Some would say they want more retail, not more bars and restaurants. I want more retail and less bars. However, more retail won't come about without more density. If you want more retail (and less bars), pushing forward with more mixed-use residential development like the now seemingly stalled H Street Connection redo and other similar projects is the smart move not punishing those who wish to invest now. Lets encourage new retail not add roadblocks to those who wish to start new restaurants when we are just now becoming a real dining destination.

It wouldn't surprise me if parking issues aren't driving some who may push for a cap. I think there are other more appropriate ways to deal with parking issues than to potentially stall development along the corridor through a cap. Lets install more performance parking, improve RPP, weed out unmarked parking areas, or push harder for better transportation options instead of punishing folks who wish to start a business. I choose to live in the city and sometimes we all can't park right in front of our house as if it were the suburbs.

tiffanyc said...

with the rent prices, most place need a alcohol license to make it a sustainable business. i don't worry about us becoming adams morgan. i worry more about us becoming u street/columbia heights with huge, boring condo buildings filled with more twits.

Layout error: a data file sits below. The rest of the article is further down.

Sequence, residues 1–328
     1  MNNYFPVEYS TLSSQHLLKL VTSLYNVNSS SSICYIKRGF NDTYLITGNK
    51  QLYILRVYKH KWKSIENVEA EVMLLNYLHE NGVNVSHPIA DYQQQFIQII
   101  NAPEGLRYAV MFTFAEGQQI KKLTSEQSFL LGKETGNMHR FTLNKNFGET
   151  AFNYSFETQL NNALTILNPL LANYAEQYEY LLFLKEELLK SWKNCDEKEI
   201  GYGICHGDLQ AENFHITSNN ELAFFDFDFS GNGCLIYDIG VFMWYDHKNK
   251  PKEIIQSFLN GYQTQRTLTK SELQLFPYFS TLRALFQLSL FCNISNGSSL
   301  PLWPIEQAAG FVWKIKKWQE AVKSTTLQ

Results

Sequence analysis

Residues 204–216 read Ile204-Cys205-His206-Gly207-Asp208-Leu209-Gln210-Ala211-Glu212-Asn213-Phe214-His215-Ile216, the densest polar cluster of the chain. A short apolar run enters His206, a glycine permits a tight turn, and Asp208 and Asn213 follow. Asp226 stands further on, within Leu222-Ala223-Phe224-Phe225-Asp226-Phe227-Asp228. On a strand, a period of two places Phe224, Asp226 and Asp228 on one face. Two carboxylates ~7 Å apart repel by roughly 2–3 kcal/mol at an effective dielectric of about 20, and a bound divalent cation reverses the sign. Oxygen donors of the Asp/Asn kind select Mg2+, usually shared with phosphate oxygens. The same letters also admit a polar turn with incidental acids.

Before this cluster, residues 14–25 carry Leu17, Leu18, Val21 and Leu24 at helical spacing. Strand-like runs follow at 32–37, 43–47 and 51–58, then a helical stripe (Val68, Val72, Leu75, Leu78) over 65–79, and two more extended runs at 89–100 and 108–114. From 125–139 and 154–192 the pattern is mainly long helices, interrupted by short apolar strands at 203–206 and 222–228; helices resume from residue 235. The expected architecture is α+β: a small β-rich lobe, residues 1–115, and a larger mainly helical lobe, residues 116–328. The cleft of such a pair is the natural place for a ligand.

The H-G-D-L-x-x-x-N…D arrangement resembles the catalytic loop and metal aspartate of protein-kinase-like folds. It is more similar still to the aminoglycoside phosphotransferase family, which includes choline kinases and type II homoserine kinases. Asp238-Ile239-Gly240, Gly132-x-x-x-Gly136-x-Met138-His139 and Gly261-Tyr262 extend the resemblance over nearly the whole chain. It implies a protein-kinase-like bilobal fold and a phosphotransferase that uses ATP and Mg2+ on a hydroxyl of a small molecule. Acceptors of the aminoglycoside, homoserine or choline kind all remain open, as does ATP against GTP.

we could use more retail in the balance, and i'm in favor of initiatives to draw some here, but supply and demand should ultimately determine the retail/restaurant balance.

Anonymous said...

I don't think that it is the bars and restaurants that are causing commercial rents to skyrocket. It seems to me that rent prices are artificially inflated as a result of so many commercial property owners holding out for the proverbial gold at the end of the rainbow. Vacant and blighted buildings should be taxed at a far higher rate to incentivize these property owners to do something with their buildings rather than just sit on them and hope to one day sell them for $10 million.

Anonymous said...

Until every blighted and empty storefront on H street is filled, we should not be having this conversation. I am all for encouraging new retail investment but that should never come at the expense of other investment. I would rather be known as an entertainment destination than a place that is sketchy and run down. (I met an out of town friend for dinner last night and those were the adjectives he used when he arrive.) Seriously, who would compare Kalorama or other neighborhoods around Adams Morgan to ours right now? Outside of late night nusainces, it is one of the better neighborhoods in the city.

I love the neighborhood as it is, but we shouldn't try to limit its growth.

Anonymous said...

Hear, hear. Let H Street find its own identity, be it through the development of new bars and restaurants or retail. There is no need to stifle growth and force a faux-Pleasantville neighborhood - one of the charms of H Street is the initiative small business owners have taken to give the neighborhood its own character.